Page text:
If the world were to give a thought to the telephone answering device, there shortly wouldn't be one, and we who are concerned might again make a phone call without being told to leave our names and numbers and somebody would shortly be in touch. My contention is good, and to support it I need only to speak to you about Amos Obadiah Jonas of the town of Futurity, Maine, who makes a living changing money.
I call Amos on the telephone every now and then, not from any urgency whatsoever, but to hear his melodious voice and have him chuckle in my ear with glee as he responds to some whimsicality I offer.
A little over 50 years ago, Amos was entering his 30s and had accumulated considerable money, which he carried in his pockets or kept in old sap pails. He lived then, and does now, well beyond the reach of any financial institution, and thus saved himself a tedious trip to have his money on deposit in a vault, as people do. It was already well known throughout Penobscot and Piscataquis Counties that Amos was a walking Brinks and that he could finance anything, were he so inclined, from any pocket.
Tourists from away were told to hunt up Amos and ask him to change a $100 bill. In this way, they got to see the vast fortune that Amos carried about casually, tempting thieves and other adversities. Amos would take the $100 bill, examine it for blemishes and authenticity, and begin removing wallets and purses from his clothing until he had displayed his peripatetic plunder and also found the place to deposit the $100. Then, from another source, he would count out the "change" and hand it to the tourist, who would at once discover that Amos had handed back only $98. Seeing the tourist had discovered this, Amos would chuckle and explain, "I don't do business for nothin'."
So I would give Amos a tootle on the Bell-Tell, perfectly willing to pay the toll charge to have him bring me up to date on the facts and fancies of his affairs. Our badinage was never important, but it was chummy, and it kept Amos and me conversant with a great deal of foolishment we might otherwise have missed. Best of all was to hang up after a chat and have the philosophies of Amos in my ears for information and amusement. Many's the time I might have felt downcast, but was cheered to optimism by something Amos said. Then I called Amos one afternoon to ask him what he was doing about tater-bugs, and I learned he had acquired an answering machine.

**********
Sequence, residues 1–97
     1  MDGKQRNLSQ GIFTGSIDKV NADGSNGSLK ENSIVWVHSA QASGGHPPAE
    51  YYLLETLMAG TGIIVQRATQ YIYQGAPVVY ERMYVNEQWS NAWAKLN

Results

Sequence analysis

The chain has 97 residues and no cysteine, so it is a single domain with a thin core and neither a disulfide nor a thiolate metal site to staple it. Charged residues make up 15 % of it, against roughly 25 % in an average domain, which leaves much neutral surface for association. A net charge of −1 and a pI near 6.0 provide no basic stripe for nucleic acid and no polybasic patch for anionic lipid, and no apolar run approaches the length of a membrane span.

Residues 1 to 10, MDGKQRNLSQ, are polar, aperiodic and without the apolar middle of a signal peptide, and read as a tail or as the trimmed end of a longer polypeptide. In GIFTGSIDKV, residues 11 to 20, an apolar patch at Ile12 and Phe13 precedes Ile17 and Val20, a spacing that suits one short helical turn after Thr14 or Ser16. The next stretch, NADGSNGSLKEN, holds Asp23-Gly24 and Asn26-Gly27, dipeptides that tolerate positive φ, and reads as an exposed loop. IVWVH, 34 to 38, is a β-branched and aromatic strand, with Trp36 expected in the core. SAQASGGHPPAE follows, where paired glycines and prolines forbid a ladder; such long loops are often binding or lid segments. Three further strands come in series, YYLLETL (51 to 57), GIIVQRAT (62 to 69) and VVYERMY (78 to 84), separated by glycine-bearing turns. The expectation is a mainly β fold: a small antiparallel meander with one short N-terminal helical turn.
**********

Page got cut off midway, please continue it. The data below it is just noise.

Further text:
"Good afternoon," said the taped voice of Amos. "I bid you fond welcome and am devastated to inform you that because of the high price of hay I am at a distance for the moment, but expect to return shortly. If you will leave your name and telephone number at the sound of the tone, I will return your call at the earliest opportunity. Yours in faith, hope, and charity, Amos Obadiah Jonas."
I did not wait for the tone and I did not leave my name and number. Numb with astonishment that a man like Amos would become victim of the world's follies, I bumbled around all day and really wasn't worth a hoot. I don't pay a toll charge to talk to a machine. I call Amos to hear his voice and be happied. The answering machine is a hoax and a swindle.
I wrote to Amos and told him he ought to pay $2 to every name that he insulted with his gimmick.
My next move came about curiously. I was at my desk trying to remember how to spell Chimlich, and a new neighbor down the shore road came running in to use my telephone, shouting, "A pipe's busted. Who do I call?" I found the number of a plumber and handed over the phone. The call was answered by an answering machine. "Hello," it said. "There is nobody to take your call, but we'll call you back as soon as possible if you leave your name and number."
I found another plumber, and an emergency was eased. Then I fell to wondering, so I got down my little tape player and made it ready, and then dialed that answering machine again. It came on loud and clear and told me not to fret if I needed a plumber, because in just a short time somebody would return my call. I now knew I didn't need to call Amos Obadiah Jonas to hear jokes on a telephone. So I laid my phone by the tape player, turned on the switch, and played 30 minutes of "The Stars And Stripes Forever" by Arthur Fiedler and the Boston Pops. Happy as when I speak to Amos, I then put my tape player in a permanent ready position, and for the next six months or so gave a gratuitous 30 minutes of "The Stars and Stripes Forever" to all who gave me a machine instead of an answer.
One day, however, I was surprised during a punitive concert by a transient who saw my tape being played into the telephone, and I told him I hoped the Public Utilities Commission was on the line. Not wishing to tangle with the telephone people, I have not given another music lesson since, but it is my hope that I can resume my anonymous needling soon, after the muddy water has settled.
I'm going to embellish the basic idea so I can get these machines that tell you to push one if you want bicycle tires, two if you are buying rugs, three if you're in need of soap, and four if you have any questions for Miss Tarnsley. The world and I have a great deal to do. And Amos called me to say he dialed the town office and got an answering machine. It made him so mad he got an ax and busted his own device to flinders. "Somebody ought to do something!" he said.